Philosophy and Mathematics of Situated Agency (PaMoSA 2023) brings together world-leading researchers in cognitive science, philosophy of mind, mathematics of cognition, and robotics. Recent advances in computational neuroscience, enactivist cognition and artificial intelligence enable - and also necessitate - new ways of thinking of perception and cognitive agents within their environment. This conference focuses on the embeddedness of the mind, exploring the role of context and the structure of affording situations. It offers a platform for conversation around these themes, across traditional disciplinary boundaries.
Confirmed Keynote Speakers
University of Wollongong
Philosophical Psychology, Enactivism
Humboldt University of Berlin
Philosophy of Mind, Cognitive Science
Italian Institute of Technology
Steven M. LaValle
University of Oulu
University of Amsterdam
Phenomenology, Philosophical Psychology
University of Helsinki
Aims of the Conference
Philosophy and Mathematics of Situated Agency brings together world-leading researchers in cognitive science, philosophy of mind, and mathematics of logic and cognition. Recent advances in computational neuroscience, enactivist theory of cognition and AI enable and necessitate new ways of thinking about perception and cognitive agents within their environment. This conference strikes at the heart of the issue across disciplinary boundaries. Although classical cognitivism has a mathematical foundation, enactivism so far does not. Enactivists refer to basic notions such as situatedness and attunement, but the conceptual foundations of these concepts remain unclear. The aim of this conference is to take steps towards understanding what being embedded, situatedness and context-sensitivity mean.
The conference's anchor point is the currently emerging understanding of the mind advanced by the 4E (enactive, embodied, embedded, extended mind) paradigm. In this revolution in contemporary cognitive science and philosophy, perception is seen as an active sensorimotor process in which perceptual reality is not “transmitted from the environment to the agent through the senses”, but is rather created through an embodied and sensorimotor coupling of the agent with its environment. From the point of view of mathematical logic, this contrast can be formulated as follows: in classical logic, the semantics of formulae are given by a function that maps symbols to their referents, called the interpretation function. In the novel approach one does not assume the a priori existence of such a mapping; rather, one asks how agents’ embodiment and situatedness gives rise to semantics.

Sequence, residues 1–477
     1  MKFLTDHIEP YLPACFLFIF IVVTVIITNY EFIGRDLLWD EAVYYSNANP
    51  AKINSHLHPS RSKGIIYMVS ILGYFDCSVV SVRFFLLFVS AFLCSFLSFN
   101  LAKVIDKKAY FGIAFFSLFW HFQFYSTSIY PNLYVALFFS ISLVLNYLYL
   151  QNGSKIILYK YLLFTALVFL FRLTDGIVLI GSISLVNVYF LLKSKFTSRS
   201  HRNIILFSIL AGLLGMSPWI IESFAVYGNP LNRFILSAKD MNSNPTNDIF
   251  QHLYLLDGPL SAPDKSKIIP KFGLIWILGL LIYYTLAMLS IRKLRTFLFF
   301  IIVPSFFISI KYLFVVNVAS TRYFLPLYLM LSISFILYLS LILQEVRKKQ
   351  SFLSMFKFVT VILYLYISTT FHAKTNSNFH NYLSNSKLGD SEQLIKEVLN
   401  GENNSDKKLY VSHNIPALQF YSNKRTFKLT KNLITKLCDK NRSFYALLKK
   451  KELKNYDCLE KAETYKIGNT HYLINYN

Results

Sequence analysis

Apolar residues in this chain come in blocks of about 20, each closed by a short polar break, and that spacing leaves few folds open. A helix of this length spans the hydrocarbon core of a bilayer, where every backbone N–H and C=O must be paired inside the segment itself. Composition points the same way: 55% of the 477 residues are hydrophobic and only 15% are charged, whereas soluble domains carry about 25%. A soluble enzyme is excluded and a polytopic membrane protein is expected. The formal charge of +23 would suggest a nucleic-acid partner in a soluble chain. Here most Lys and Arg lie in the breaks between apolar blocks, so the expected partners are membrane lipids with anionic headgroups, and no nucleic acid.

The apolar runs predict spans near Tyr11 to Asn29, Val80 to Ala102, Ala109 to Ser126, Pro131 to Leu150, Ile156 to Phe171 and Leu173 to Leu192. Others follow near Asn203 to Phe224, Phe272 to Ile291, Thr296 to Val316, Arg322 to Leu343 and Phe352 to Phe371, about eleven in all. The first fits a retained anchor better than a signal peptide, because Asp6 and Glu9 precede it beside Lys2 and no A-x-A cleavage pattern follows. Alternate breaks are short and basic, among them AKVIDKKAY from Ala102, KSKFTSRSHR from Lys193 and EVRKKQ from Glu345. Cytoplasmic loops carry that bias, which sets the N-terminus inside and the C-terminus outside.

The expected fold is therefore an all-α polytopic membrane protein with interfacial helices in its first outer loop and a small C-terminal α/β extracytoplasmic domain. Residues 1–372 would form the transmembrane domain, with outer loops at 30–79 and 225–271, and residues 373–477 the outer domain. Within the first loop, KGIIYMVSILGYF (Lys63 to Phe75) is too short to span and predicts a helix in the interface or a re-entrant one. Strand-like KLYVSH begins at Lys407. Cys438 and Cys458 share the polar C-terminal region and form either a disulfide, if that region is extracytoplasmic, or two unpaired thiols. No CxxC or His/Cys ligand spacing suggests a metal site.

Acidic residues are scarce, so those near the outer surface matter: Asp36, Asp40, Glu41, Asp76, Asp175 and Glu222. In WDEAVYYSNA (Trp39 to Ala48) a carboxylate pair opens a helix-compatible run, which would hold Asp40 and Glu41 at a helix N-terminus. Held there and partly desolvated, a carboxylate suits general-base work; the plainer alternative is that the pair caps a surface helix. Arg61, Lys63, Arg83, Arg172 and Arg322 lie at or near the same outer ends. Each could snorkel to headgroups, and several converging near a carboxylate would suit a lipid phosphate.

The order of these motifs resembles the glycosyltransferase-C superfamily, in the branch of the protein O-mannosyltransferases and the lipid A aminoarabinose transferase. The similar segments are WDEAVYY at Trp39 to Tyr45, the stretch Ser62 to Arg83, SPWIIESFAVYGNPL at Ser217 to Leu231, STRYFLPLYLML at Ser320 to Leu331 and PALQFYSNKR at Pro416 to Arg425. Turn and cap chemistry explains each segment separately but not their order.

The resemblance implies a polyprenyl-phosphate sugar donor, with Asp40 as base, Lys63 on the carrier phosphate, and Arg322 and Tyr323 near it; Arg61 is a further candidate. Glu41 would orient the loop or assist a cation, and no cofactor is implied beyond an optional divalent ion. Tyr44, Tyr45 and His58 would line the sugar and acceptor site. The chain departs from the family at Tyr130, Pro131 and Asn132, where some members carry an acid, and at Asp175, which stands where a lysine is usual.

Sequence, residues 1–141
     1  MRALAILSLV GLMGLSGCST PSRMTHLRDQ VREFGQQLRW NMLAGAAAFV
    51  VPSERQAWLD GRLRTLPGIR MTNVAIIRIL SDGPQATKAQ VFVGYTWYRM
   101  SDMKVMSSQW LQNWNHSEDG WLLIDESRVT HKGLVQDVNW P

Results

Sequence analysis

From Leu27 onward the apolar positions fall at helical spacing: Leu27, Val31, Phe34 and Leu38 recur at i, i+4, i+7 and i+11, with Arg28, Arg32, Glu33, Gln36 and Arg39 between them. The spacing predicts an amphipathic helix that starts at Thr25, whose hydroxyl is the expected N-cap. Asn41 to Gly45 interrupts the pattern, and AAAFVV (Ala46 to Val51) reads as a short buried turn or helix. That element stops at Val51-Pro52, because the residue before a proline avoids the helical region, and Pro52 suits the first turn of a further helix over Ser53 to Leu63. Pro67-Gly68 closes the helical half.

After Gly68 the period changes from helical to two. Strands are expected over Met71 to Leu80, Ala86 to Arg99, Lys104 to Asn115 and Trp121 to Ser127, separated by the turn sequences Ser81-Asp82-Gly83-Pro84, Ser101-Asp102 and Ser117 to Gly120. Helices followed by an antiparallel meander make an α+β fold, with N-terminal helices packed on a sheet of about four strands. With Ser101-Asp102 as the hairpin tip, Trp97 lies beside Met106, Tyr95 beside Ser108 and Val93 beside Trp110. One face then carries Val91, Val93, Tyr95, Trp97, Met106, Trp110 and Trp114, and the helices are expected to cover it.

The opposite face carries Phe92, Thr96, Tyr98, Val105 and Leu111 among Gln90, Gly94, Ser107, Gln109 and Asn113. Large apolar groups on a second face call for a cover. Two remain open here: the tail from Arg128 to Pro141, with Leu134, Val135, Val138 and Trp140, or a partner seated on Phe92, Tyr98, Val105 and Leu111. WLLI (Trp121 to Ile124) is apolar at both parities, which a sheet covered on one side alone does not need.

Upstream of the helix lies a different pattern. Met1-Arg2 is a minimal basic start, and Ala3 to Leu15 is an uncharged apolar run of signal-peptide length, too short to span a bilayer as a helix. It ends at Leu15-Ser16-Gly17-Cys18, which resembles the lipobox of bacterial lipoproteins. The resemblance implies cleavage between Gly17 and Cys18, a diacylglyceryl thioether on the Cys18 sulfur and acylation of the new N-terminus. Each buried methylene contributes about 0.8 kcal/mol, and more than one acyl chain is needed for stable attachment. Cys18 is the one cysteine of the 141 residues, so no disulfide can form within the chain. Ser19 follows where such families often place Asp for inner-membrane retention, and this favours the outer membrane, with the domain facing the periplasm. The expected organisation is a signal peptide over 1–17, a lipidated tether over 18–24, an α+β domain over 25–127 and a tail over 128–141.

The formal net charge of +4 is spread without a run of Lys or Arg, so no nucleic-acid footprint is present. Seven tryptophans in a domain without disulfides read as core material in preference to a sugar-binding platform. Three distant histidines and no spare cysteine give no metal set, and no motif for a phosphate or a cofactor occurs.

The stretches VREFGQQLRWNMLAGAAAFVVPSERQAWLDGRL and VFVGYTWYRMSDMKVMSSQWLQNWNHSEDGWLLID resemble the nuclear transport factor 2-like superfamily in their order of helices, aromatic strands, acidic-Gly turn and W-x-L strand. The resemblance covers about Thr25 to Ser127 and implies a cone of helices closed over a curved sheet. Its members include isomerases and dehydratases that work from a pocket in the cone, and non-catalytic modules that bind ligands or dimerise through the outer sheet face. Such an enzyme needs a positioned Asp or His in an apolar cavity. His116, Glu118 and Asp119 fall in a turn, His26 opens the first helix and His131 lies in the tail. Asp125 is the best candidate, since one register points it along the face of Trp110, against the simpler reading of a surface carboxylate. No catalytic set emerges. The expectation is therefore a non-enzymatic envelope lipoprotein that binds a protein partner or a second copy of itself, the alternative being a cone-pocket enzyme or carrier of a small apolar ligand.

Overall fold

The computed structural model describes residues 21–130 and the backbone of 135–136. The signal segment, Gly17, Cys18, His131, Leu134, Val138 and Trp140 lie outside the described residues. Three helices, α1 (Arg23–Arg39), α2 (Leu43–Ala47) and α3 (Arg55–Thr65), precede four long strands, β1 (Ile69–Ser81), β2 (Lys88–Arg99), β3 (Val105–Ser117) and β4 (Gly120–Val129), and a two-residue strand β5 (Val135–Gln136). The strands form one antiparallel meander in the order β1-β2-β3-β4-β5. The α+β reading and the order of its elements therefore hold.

Another contrast can be observed between the logical theories of cognition and the promising new field of active inference. Active inference, based on the Free Energy Principle proposed by Karl Friston, states that cognitive agents act to minimize the surprise associated with their sensory input. In this inherently probabilistic in-terpretation, every self-sustaining entity is seen as unwittingly performing Bayesian inference about the hidden states of its environment. Emphasizing the deep connection between action and sensing, active inference can also be seen as a mathematical expression of situation concepts from phenomenology and pragmatism, according to which the skillful agent and its environment are co-defined.
For a detailed description of the scientific and philosophical focus areas of the conference, see the Call for Abstracts section.
Erkki Koiso-Kanttilan katu 1, Oulu, Finland